September 22nd, 2008 at 20:28 | #6

    A few days ago I was listening to the google CEO Eric Schmit on the radio. He wants to partner up with GE (General Electric) with the intention of making US 100% reliant on electricity supplied from renewable sources of energy. Someone should drag Kevin747 to the party. Where does he get his 19 century coal ideas from?

  7. Ikonoclast
    September 22nd, 2008 at 20:53 | #7

    I perhaps should have added to my post at 5 that the notion of “market failure” is relative to what
    you think the market ought to do. What job(s) do you believe the market is designed to do or ought to be designed to do? By this question I refer rhetorically to what the market is intended to do by its “designers” and “strong players” or what the general public hopes or democratically expects the market to do.

    Notions of market failure generally include;

    1. Distortions of market power (eg.monopoly);
    2. Excessive Negative Externalities (eg. current CO2 emissions);
    3. Failure to provide adequate Public Goods and Social Equity (eg. if we let the poor elderly starve by providing no pensions);
    4.Failure to ensure macroeconomic stability (eg. creating a huge housing bubble/debt crisis and then throwing trillions at the problems in an attempt to save the system.)

    Market failures can often stem from political failures; ie a failure to govern and regulate properly. In a democracy, the people are in turn at fault for failing to demand and elect better governments.

  8. September 22nd, 2008 at 21:05 | #8

    “In a democracy, the people are in turn at fault for failing to demand and elect better governments”.

    In a genuine democracy (if such could ever be) that would be tautologically true, but in the systems now going by that name it is false because those who control the agendas never put meaningful choices of that order before the people.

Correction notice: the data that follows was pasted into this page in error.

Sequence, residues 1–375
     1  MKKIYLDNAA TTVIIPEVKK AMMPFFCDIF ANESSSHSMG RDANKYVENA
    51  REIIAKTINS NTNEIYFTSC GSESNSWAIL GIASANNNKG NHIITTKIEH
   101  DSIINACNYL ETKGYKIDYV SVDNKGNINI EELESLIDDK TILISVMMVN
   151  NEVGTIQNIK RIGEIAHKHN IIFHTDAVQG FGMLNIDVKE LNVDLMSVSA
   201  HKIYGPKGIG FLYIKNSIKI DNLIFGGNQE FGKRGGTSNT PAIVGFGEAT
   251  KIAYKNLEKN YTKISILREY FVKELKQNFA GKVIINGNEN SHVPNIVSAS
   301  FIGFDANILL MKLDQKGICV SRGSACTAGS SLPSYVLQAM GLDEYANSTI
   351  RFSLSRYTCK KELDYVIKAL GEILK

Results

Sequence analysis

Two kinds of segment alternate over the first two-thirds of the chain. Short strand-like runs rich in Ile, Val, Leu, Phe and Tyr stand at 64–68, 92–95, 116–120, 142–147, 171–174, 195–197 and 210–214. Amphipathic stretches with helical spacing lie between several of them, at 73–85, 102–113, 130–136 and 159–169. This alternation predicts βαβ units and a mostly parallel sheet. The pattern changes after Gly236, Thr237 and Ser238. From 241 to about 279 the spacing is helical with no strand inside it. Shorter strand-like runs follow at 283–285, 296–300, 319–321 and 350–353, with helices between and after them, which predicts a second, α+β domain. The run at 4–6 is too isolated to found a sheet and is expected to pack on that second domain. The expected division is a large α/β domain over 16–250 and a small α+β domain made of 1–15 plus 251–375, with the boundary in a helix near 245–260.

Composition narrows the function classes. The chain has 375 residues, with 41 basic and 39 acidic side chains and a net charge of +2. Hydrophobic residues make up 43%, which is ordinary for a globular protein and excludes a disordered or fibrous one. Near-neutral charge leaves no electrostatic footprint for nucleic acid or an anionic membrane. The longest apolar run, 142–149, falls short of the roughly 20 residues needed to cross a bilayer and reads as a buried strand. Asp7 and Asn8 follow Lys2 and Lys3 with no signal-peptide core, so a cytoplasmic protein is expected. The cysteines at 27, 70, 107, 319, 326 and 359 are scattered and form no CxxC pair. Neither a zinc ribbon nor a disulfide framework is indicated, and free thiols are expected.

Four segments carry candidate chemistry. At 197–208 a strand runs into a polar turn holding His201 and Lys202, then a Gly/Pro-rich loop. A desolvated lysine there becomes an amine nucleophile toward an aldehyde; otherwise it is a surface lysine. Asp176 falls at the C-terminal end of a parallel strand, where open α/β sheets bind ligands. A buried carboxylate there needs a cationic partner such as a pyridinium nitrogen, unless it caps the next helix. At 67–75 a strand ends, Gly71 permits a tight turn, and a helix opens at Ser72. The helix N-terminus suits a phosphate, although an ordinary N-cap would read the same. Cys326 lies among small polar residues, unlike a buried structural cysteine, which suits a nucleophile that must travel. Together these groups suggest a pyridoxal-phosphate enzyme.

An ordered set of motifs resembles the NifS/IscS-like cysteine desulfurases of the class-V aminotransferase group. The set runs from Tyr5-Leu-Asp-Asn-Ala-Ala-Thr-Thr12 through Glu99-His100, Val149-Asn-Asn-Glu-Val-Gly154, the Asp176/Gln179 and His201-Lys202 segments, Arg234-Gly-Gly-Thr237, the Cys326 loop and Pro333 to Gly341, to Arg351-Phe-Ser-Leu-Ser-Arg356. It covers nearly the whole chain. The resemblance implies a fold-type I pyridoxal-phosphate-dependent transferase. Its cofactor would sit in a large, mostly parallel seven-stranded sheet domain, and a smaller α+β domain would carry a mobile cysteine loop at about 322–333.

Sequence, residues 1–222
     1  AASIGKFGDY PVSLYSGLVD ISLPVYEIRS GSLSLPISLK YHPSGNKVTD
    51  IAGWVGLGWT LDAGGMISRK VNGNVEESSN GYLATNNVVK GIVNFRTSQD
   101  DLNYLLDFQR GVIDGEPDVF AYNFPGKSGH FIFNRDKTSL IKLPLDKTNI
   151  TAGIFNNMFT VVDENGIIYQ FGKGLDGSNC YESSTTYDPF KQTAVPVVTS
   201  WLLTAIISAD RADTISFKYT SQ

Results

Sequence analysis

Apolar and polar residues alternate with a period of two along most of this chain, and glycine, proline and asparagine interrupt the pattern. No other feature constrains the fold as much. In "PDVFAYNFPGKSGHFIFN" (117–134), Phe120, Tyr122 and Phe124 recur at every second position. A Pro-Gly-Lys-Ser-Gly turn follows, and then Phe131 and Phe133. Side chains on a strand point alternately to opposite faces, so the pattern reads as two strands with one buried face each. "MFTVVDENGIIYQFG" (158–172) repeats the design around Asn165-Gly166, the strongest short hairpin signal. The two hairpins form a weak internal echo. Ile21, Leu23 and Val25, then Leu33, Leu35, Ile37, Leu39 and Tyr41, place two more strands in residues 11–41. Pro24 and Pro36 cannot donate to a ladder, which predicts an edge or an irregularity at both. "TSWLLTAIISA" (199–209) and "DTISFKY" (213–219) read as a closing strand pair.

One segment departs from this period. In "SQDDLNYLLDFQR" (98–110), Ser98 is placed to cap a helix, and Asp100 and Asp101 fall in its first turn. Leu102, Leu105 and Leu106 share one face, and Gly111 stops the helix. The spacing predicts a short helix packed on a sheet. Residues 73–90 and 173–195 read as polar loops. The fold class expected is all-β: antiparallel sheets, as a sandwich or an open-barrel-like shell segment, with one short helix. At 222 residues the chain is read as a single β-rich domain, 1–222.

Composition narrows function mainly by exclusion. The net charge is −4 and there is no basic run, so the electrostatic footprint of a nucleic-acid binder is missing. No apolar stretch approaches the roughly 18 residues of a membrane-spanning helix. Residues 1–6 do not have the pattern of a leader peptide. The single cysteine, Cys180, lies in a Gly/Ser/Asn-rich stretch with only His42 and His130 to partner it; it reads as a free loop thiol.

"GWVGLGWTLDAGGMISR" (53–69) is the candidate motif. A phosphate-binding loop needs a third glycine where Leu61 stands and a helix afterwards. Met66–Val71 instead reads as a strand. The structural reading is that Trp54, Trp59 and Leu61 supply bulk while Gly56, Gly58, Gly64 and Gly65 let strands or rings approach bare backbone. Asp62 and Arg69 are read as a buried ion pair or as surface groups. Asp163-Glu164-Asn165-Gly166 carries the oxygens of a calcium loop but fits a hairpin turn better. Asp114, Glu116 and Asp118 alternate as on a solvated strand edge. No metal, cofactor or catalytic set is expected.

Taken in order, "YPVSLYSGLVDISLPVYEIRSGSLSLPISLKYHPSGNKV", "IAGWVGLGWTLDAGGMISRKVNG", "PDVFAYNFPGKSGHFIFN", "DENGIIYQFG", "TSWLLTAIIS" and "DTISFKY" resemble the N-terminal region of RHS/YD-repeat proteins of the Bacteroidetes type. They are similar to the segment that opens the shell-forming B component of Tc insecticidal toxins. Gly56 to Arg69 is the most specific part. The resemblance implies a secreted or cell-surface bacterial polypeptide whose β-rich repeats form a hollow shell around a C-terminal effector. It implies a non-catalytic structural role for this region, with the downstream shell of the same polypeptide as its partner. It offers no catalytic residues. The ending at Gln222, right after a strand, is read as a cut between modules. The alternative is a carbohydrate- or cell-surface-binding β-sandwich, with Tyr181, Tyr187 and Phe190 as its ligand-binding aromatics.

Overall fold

9. observa
    September 22nd, 2008 at 22:07 | #9

    “I know some economists have been warning about the risks of the present financial crisis for some time. But it must be said, that on the whole, economics as a profession has basically missed this one.

    Imagine if meterologist predicted hurricanes as poorly as economics predicted the current financial crisis. No one would take them seriously.”

    You might like to think of it a bit like climate change swio. The plethora of experts can’t tell you what the weather will be next week but reckon they know where climate is headed overall. That still leaves a fair bit of speculation as to time frames, severity, etc, not to mention some remaining circumspection about causality. Certainly you look at the historical record for clues about patterns, but you may also become aware of some atypical mechanisms at work which you deduce as important too. Many are now calling this the worst crash in a century so you’d certainly look at the 1930s fallout, but note the business world is a much changed place, still full of similar human frailty.